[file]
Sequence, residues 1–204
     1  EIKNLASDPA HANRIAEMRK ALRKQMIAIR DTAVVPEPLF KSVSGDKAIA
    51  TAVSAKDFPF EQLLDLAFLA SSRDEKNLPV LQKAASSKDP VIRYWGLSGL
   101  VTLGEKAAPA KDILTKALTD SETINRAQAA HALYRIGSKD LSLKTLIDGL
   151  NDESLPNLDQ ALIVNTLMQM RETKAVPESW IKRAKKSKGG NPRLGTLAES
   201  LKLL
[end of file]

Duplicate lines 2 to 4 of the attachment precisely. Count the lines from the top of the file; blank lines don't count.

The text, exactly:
     1  EIKNLASDPA HANRIAEMRK ALRKQMIAIR DTAVVPEPLF KSVSGDKAIA
    51  TAVSAKDFPF EQLLDLAFLA SSRDEKNLPV LQKAASSKDP VIRYWGLSGL
   101  VTLGEKAAPA KDILTKALTD SETINRAQAA HALYRIGSKD LSLKTLIDGL